Tackling Power Over Ethernet

Linux has no support for Power over Ethernet (PoE) in any way. There are many ethernet switches on the market that support PoE, and many of those switches run Linux, but none of those are supported in the mainline kernel, and their PoE support has not been upstreamed.

This situation is changing with the Realtek RTL83xx project. This series of SoCs is very popular, found in dozens of distinct models of many different vendors. The kernel code is coming together nicely. Many systems built on these chips support PoE, and this will need to be handled like any other feature on those chips. And there is much to support about PoE: number of ports, power modes, power budget, priority, and much more.

An opportunity thus represents itself: to create a new kernel subsystem and accompanying userspace tools, and have it automatically become the standard way of supporting PoE on Linux.

Let’s take a look at what’s needed.


The voltage on current-carrying lines of PoE ports is in a fundamentally different range, anywhere from 44V to 57V, than what a switch uses internally. The chip on the switch’s motherboard that provides this voltage is called the Power Sourcing Equipment (PSE) controller. It lives in a different power domain than the rest of the switch, typically with its own hookup to the system’s power supply. That means communication with these PSEs has to go via an electrically isolated path.

Generally the SoC doesn’t talk to the PSE directly; there’s a dedicated microcontroller of some sort that sits between them, mediating what the SoC can drive (often only UART) with what the PSE needs, such as I2C. In some cases these two form a product pair, such as the Microsemi PD69100/PD69108 management/PSE controllers, respectively. But usually the management microcontroller is something more generic, such as an STM32F100.

We’ll need to know the protocols the SoC has to speak to these different microcontrollers if we’re going to control PoE. It’s not always documented, but we’ve got a good handle on it. Indeed, the firmware running on these microcontrollers may turn out to be an interesting target for replacement with an open source version; crazier things have been done.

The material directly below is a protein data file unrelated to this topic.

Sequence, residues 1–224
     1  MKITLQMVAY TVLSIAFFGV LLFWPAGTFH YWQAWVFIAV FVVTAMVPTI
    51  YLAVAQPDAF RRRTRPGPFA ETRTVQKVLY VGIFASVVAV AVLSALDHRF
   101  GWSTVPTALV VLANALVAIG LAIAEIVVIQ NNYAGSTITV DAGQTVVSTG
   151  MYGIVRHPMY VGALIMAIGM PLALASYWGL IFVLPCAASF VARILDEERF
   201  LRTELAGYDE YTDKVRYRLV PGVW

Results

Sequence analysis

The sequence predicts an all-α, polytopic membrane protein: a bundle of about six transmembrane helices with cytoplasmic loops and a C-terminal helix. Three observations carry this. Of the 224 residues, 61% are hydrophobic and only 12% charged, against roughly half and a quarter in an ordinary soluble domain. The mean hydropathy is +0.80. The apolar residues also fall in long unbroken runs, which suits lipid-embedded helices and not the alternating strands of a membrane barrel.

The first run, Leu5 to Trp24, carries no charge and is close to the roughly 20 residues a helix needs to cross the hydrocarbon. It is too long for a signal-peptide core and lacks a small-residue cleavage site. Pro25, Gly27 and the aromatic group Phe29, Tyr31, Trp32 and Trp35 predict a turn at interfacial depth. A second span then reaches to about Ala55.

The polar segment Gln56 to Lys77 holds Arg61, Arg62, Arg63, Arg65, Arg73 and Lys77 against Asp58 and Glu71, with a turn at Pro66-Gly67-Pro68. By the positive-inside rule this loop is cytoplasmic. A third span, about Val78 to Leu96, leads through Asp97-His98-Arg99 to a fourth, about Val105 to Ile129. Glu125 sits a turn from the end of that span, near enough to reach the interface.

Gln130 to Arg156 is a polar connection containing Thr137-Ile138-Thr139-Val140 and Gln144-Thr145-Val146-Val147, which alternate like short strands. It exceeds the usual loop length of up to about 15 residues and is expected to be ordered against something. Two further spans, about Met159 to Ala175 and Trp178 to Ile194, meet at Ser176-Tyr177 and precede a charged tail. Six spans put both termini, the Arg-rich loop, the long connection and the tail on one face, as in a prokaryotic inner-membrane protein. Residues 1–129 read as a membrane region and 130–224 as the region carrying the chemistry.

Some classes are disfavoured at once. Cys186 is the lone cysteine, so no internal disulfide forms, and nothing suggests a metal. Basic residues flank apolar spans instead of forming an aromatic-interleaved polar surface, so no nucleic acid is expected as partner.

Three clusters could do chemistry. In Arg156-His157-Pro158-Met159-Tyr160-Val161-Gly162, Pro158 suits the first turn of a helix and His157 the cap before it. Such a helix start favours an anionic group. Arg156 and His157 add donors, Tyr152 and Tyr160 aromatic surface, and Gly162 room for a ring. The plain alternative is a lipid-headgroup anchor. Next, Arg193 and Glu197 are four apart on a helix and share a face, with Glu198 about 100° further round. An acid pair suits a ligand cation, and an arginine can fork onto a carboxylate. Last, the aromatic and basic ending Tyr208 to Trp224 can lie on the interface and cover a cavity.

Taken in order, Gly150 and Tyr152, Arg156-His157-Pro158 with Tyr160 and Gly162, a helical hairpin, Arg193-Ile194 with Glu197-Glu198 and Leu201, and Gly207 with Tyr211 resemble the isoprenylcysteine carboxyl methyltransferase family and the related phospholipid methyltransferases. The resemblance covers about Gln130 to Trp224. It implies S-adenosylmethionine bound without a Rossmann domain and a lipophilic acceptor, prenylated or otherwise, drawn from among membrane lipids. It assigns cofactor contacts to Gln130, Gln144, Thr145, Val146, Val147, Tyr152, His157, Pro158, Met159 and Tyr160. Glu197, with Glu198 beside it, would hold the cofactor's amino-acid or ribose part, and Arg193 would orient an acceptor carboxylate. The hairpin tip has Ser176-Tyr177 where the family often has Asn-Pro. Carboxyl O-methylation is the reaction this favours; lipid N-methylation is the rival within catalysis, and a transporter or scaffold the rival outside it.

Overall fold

A PoE kernel subsystem should do the following:

  • Provide a framework for drivers that know about the protocol which the PSE, or its intermediate microcontroller, needs. Since the other endpoint of that protocol is dependent on the switch model, this information needs to live in the device tree. The drivers will also need to be aware of the firmware version on the other end, at least until we can replace it.

  • The device tree should also provide information about the model’s PoE capabilities, in order to mediate requests from userspace. Managing the power budget, for example, should be done here – no need to force every userspace client to keep track of this.

  • A userspace API, either via an ioctl on a device special file /dev/poe or perhaps a more modern sysfs interface. It’s easy enough to work out what this API should provide: whatever the PSE/MCU protocols provide must have an equivalent in this API. Additionally we can add discoverability to that: the userspace application should be able to find out which PoE capabilities the system has, on which ports.


While a userspace API is all good and well, using it involves awkward calls to ioctl, with lots of symbols pulled in from kernel headers, or lots of error-prone messing with sysfs files. That’s pretty laborious, and extra hard for scripting languages to tackle. A better way to handle this is to write a small library to sit in front of the awkward operations and symbol soup. A good example if this is libgpiod, which sits in front of the userspace interface to the kernel gpio subsystem. A library like this is also pretty easy to write language bindings for.

A quick and easy way to use PoE functionality from the shell is also a good idea. You need such a shell tool to test the library as it’s developed, anyway.

Writing a web interface that can work the system’s PoE functionality is then a matter of using the language bindings of the library as well. Easy!

I’m working on lots of different aspects of the Realtek RTL83xx kernel code at the moment, but this is an interesting enough opportunity that I think I need to get started on it – before somebody else does!